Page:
Another important organization in the fight against money laundering is the International Monetary Fund (IMF): it has pressed its member countries to comply with international standards to thwart terrorist financing.

AML laws and regulations target criminal activities including market manipulation, trade in illegal goods, corruption of public funds, and tax evasion, as well as the methods used to conceal these crimes and the money derived from them.

One rule in place is the AML holding period, which requires deposits to remain in an account for a minimum of five trading days. This holding period is intended to help in anti-money laundering and risk management.

AML compliance officers are often appointed to oversee anti-money laundering policies and ensure that banks and other financial institutions are compliant.

Addressing Suspicious Activity

It's up to financial institutions to monitor customer deposits and other transactions to ensure they aren't part of a money-laundering scheme. The institutions must verify the origin of large sums, monitor suspicious activities, and report cash transactions exceeding $10,000. In addition to complying with AML laws, financial institutions must ensure clients are aware of them.

In today's regulatory environment, extensive records are kept on just about every significant financial transaction.

How money is laundered and how can it be stopped

One common technique to launder is to run the money through a legitimate cash-based business owned by the criminal organization or its confederates: the supposedly legitimate business deposits the money, which the criminals can then withdraw. Otherwise, money launderers may also sneak cash into foreign countries to deposit, deposit cash in smaller increments to avoid arousing suspicion, or use illicit cash to buy other cash instruments. They will sometimes invest the money, using dishonest brokers willing to ignore the rules in return for large commissions.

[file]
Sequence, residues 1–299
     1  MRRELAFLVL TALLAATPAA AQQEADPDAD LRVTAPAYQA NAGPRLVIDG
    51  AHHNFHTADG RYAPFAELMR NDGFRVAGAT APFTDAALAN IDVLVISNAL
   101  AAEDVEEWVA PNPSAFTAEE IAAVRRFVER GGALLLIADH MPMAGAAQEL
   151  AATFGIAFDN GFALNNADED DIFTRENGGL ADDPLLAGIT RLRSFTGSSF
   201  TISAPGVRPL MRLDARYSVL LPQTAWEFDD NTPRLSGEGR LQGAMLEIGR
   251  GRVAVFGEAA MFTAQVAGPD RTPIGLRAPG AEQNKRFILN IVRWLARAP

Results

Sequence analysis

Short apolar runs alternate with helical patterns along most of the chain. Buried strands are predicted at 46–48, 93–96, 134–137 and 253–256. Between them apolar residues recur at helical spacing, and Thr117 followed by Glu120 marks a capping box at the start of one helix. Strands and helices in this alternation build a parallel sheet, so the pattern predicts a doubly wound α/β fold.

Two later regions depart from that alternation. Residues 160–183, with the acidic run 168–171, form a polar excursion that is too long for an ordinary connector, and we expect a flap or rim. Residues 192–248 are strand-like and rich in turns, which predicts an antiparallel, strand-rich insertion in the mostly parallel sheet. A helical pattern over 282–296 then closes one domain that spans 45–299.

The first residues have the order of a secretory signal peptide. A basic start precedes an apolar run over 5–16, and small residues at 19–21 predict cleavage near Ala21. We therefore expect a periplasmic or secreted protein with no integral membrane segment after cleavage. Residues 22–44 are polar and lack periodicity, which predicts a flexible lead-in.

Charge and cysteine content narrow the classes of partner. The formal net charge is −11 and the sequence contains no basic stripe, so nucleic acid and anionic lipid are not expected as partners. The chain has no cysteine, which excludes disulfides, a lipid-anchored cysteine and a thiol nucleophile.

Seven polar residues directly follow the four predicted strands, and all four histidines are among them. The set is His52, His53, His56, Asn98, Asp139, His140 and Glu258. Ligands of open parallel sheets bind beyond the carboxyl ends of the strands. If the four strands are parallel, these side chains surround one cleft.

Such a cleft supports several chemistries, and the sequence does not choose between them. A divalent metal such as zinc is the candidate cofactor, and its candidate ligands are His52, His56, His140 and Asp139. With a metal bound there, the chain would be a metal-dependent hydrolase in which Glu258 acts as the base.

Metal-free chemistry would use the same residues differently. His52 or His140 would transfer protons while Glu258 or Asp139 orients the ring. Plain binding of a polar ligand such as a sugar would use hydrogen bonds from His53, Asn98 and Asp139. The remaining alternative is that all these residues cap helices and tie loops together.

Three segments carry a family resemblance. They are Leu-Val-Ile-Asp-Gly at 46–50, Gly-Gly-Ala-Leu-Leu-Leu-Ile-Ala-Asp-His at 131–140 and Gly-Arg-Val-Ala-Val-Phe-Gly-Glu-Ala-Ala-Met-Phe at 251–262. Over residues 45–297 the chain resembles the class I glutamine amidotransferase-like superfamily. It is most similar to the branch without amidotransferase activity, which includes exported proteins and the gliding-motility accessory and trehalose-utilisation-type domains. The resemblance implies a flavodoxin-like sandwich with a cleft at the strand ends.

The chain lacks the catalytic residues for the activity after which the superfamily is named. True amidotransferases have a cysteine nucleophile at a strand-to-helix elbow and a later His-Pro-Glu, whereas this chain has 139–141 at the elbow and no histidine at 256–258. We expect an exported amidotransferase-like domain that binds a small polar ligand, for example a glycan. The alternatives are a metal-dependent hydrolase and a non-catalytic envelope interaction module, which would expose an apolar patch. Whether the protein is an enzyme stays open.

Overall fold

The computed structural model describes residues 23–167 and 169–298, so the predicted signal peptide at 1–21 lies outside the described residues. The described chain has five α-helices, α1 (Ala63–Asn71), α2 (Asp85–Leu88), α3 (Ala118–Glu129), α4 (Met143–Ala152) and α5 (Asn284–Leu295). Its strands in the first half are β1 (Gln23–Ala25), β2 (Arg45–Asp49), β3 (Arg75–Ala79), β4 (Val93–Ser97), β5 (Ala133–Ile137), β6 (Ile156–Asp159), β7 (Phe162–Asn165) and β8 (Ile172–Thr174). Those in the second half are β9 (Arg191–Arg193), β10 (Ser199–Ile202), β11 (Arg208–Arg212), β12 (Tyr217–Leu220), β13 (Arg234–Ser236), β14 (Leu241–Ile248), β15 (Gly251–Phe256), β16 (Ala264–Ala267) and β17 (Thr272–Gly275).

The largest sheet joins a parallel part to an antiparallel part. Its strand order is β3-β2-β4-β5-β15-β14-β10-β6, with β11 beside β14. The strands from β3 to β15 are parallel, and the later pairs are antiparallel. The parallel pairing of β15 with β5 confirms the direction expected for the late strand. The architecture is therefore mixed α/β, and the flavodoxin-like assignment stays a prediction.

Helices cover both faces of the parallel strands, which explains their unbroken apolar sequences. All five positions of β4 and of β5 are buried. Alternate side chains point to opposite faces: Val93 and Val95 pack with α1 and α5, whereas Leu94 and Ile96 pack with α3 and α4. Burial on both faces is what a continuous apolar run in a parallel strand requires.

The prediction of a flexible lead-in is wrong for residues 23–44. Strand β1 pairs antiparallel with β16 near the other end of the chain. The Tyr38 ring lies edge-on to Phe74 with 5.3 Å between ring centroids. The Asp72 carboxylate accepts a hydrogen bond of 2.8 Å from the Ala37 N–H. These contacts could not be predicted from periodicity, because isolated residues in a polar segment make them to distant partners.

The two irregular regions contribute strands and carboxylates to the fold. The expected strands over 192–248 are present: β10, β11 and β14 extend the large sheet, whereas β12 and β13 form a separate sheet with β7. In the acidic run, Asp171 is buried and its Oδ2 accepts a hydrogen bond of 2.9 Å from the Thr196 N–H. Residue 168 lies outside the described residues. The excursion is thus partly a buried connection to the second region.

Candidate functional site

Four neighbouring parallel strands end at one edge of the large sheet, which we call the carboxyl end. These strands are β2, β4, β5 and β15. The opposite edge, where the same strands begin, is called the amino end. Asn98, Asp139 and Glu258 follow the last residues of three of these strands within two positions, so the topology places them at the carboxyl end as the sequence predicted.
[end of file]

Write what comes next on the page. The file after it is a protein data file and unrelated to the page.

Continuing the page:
Unfortunately, money laundering cannot be completely stopped but only reduced through constant vigilance.

Financial institutions can monitor customer deposits and other transactions to ensure they aren't part of a money-laundering scheme.

In pills:

(from Investopedia)

  • Anti Money Laundering (AML) seeks to deter criminals by making it harder for them to hide ill-gotten money.
  • Criminals use money laundering to conceal their crimes and the money derived from them.
  • AML regulations require financial institutions to monitor customers' transactions and report on suspicious financial activity.


About EDSX


Based in Zug, the platform is fully compliant with all Swiss laws related to financial intermediaries, banking, anti-money laundering, and organized trading facilities. Among its core values, there are innovative solutions through blockchain technology, which ensures security and liquidity.

EDSX is the first platform in Europe with primary and secondary markets for both institutional and retails. EDSX is a pioneering platform that employs the world’s leading technology to globally list security tokens in both primary and secondary markets, listing digital securities of real financial instruments to the public with a decentralized peer-to-peer exchange. Our goal is to fully compromise every aspect of the financial revolution.